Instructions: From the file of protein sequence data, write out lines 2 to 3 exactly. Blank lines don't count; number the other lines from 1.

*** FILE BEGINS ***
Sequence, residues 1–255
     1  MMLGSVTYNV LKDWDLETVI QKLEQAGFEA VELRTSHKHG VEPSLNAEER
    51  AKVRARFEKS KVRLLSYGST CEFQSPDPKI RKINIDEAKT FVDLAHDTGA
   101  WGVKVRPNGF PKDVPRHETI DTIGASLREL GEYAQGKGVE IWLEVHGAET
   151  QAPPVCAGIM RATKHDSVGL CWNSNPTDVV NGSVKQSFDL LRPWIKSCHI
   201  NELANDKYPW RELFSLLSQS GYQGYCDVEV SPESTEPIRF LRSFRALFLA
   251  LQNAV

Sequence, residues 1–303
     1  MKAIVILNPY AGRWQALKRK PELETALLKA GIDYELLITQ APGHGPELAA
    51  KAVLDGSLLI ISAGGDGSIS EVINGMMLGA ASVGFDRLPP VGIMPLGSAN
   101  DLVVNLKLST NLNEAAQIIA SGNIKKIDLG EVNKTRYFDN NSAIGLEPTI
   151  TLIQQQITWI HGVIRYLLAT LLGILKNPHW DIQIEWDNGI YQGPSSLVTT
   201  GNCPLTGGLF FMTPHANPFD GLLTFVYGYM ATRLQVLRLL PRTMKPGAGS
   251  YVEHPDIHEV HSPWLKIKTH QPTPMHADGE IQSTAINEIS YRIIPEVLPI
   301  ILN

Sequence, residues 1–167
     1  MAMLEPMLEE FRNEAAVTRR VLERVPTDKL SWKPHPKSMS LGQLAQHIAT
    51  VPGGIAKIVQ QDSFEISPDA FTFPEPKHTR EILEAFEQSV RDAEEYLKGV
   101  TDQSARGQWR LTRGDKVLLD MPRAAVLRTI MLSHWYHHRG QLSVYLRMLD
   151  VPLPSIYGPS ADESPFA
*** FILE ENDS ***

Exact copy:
     1  MMLGSVTYNV LKDWDLETVI QKLEQAGFEA VELRTSHKHG VEPSLNAEER
    51  AKVRARFEKS KVRLLSYGST CEFQSPDPKI RKINIDEAKT FVDLAHDTGA